Sure I think the 100k student loans for private liberal arts degrees are ridiculous too. But, then I think back to earlier. They were 17 year olds enjoying senior year. They were told go to college, do what you love, all that bull. They followed through and picked a school and went for a year or two. That's likely when reality is hitting them that maybe their degree wasn't worth it or wasn't what they are interested in or whatever. What are their choices at this point?

Option 1: They can drop out, accept the loans they already have, have no degree to show for it and work at a crappy job with no chance in really paying them off on an accelerated timeline. So struggle anyway.
Option 2: They can transfer to a cheaper school. But lose most of their credits and end up having to go for an extra year at a cheaper school. Which really isn't all that cheaper when you are adding on another year to redo credits that won't transfer (this was the case for most private universities when I was in school).
Option 3: Stick it out the remaining 2 years to get a degree. Add on the high loans but at least you have something to show for it (even if its a semi-meaningless overpriced degree). Hope for a good job and no unemployment to eventually pay them off.

So you have a minor make a choice that is pretty much irreversible without major damage. You give no real good options for them to change their mind. But ridicule them anyway.
« Last Edit: January 28, 2016, 11:21:42 AM by therethere »

No Name Guy

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Re: Another Student Loan Post - Article from Slate
« Reply #5 on: January 28, 2016, 01:31:18 PM »

Sure I think the 100k student loans for private liberal arts degrees are ridiculous too.

So tell me (not necessarily you there), by why is it that it's DeVry being sued instead of (or in addition to) NYU?

http://www.huffingtonpost.com/entry/feds-sue-devry-university_us_56a904c7e4b0f7179928af63

Quote
The Federal Trade Commission sued DeVry Education Group on Wednesday, alleging the for-profit college operator deceived tens of thousands of prospective students with bogus claims about their career prospects.

http://www.nytimes.com/2010/05/29/your-money/student-loans/29money.html?_r=0

Quote
Like many middle-class families, Cortney Munna and her mother began the college selection process with a grim determination. They would do whatever they could to get Cortney into the best possible college, and they maintained a blind faith that the investment would be worth it.

Today, however, Ms. Munna, a 26-year-old graduate of New York University, has nearly $100,000 in student loan debt from her four years in college, and affording the full monthly payments would be a struggle. For much of the time since her 2005 graduation, she’s been enrolled in night school, which allows her to defer loan payments.

Oh, and Ms. Munna ended up with an interdisciplinary in Religion and Women's Studies.  Yeah....I wonder what line she was fed about the career prospects of THAT line of study was.

Quote
Meanwhile, universities like N.Y.U. enrolled students without asking many questions about whether they could afford a $50,000 annual tuition bill. Then the colleges introduced the students to lenders who underwrote big loans without any idea of what the students might earn someday — just like the mortgage lenders who didn’t ask borrowers to verify their incomes.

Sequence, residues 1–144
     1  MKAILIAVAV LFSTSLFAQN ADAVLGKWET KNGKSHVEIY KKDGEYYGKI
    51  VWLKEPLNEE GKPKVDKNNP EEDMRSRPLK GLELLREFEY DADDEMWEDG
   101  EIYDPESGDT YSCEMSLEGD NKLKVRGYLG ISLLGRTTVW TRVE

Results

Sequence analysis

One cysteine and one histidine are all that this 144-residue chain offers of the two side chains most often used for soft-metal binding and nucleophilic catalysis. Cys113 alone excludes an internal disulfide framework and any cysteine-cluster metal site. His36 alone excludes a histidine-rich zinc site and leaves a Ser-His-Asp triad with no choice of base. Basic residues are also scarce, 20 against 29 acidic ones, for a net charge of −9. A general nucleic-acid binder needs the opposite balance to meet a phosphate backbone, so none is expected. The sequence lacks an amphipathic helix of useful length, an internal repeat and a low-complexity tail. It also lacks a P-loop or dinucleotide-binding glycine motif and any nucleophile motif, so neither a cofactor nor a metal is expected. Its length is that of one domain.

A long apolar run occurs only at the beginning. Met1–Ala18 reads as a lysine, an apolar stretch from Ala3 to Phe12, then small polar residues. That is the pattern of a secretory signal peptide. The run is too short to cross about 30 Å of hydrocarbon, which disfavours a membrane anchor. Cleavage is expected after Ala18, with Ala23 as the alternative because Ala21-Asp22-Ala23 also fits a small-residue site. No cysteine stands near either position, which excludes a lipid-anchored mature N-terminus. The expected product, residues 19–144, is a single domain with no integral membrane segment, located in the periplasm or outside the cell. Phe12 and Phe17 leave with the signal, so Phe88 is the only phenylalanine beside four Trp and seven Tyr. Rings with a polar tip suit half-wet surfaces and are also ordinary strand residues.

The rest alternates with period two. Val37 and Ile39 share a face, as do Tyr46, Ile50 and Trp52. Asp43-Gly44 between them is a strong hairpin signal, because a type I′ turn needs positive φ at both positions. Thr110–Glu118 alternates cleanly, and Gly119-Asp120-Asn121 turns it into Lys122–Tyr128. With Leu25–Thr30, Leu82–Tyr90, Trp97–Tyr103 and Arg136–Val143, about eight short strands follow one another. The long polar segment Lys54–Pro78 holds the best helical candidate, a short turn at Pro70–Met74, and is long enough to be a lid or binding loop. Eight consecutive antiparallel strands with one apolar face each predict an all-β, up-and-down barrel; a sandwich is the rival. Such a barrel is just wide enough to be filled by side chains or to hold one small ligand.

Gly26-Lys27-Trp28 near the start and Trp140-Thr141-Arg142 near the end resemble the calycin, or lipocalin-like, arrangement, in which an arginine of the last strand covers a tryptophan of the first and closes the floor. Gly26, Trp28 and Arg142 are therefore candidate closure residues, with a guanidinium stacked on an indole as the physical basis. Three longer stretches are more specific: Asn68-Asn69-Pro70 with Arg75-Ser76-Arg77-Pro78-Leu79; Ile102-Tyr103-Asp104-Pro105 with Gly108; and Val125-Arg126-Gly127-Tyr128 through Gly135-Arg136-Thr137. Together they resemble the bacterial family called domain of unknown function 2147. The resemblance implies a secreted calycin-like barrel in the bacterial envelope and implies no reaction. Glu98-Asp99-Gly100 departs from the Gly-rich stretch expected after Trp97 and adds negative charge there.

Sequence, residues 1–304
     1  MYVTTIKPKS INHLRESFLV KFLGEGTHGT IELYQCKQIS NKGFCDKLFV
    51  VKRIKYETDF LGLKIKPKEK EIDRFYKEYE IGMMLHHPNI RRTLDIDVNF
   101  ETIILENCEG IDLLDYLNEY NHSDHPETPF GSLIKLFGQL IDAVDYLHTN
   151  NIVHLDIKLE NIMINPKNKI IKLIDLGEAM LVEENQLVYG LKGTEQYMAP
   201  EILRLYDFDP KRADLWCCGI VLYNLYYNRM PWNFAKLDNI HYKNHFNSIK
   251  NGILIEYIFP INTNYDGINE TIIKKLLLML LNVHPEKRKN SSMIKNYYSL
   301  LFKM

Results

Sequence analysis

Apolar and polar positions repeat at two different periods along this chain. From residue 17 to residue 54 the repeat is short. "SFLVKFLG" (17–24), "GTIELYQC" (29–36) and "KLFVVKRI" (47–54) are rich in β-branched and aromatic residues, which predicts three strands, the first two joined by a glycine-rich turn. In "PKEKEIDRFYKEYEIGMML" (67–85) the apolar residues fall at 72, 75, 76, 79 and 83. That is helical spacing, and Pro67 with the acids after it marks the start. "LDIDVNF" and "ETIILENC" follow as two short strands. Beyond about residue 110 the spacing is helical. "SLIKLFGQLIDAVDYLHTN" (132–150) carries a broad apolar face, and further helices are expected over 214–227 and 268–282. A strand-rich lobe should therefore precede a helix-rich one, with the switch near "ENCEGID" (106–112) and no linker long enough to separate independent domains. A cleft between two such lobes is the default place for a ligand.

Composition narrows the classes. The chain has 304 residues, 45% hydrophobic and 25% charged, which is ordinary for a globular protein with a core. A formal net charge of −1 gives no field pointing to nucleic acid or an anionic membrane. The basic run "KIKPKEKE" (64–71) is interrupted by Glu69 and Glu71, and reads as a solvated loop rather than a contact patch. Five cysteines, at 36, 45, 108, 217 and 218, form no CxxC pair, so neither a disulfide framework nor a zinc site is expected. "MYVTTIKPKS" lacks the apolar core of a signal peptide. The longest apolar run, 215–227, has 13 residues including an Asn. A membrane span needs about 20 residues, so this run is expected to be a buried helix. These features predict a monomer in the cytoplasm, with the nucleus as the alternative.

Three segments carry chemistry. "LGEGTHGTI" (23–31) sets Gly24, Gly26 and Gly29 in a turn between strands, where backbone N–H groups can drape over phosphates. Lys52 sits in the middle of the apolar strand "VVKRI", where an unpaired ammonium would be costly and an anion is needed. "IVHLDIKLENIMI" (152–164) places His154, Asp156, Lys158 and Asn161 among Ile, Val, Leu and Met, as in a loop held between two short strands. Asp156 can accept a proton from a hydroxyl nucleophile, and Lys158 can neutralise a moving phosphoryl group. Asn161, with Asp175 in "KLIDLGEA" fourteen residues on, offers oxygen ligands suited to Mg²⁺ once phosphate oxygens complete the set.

Why is DeVry being held to account for bogus claims when NYU, Harvard, Stanford, Ohio State, Oregon State, UCLA, or any other "respectable" private or public school makes equally bogus claims about the career value of their (liberal arts) degrees AND foisting tons of student loans on the suckers to get those degrees? 

Clearly there is a wee bit of double standard going on here.  I have my own ideas why that is, but I'd challenge the reader to come up with their own reasons there a blatant double standard.

ps - don't bother with the nit picking on the Lib Art's degree and about how valuable it was for you.  On average, STEMs have a far clearer reward path than BA's in fluff studies.  Had Ms. Munna there done an mechanical engineering degree (to pick a classic STEM major) from Washington State University, she wouldn't have been in night school back in '05 with a 100k of debt, she would have been employed at a certain large airplane maker in Seattle.

MrsPete

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Re: Another Student Loan Post - Article from Slate
« Reply #6 on: January 28, 2016, 03:57:10 PM »
but wasn't as sympathetic as you are.
I can't find much sympathy either.  I can understand him not grasping just how much $100,000 really is, but I can't understand even an 18 year old failing to keep a running total of how much he'd borrowed -- yet this guy was surprised to find that he'd borrowed $100,000 more than he thought.  I also can't understand how anyone would say, "I don't have any money, have to borrow it all -- I think I'll choose an expensive private school!"  I also can't find any sympathy for failing to pay the first couple bills because he was "distraught and confused". 

I do have sympathy for the rules about grandma's-death-will-automatically-throw-you-into-default. 

and the writer should also have been working to earn the tuition money. Having to part with everything you've stashed in exchange for "education" makes you a lot more mindful of what you're buying, and a lot more likely to comparison shop.
Again, I'm in agreement.  I would be more sympathetic if the author'd worked and paid as much as he could; yet, he gives us no indication that he worked during school.

Option 2: They can transfer to a cheaper school. But lose most of their credits and end up having to go for an extra year at a cheaper school.
Assuming the first school is accredited, why would the student lose credits when transferring? 
« Last Edit: January 28, 2016, 04:06:51 PM by MrsPete »

therethere

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Re: Another Student Loan Post - Article from Slate
« Reply #7 on: January 28, 2016, 04:03:39 PM »

Option 2: They can transfer to a cheaper school. But lose most of their credits and end up having to go for an extra year at a cheaper school.
Assuming the first school is accredited, why would the student lose credits when transferring?
[/quote]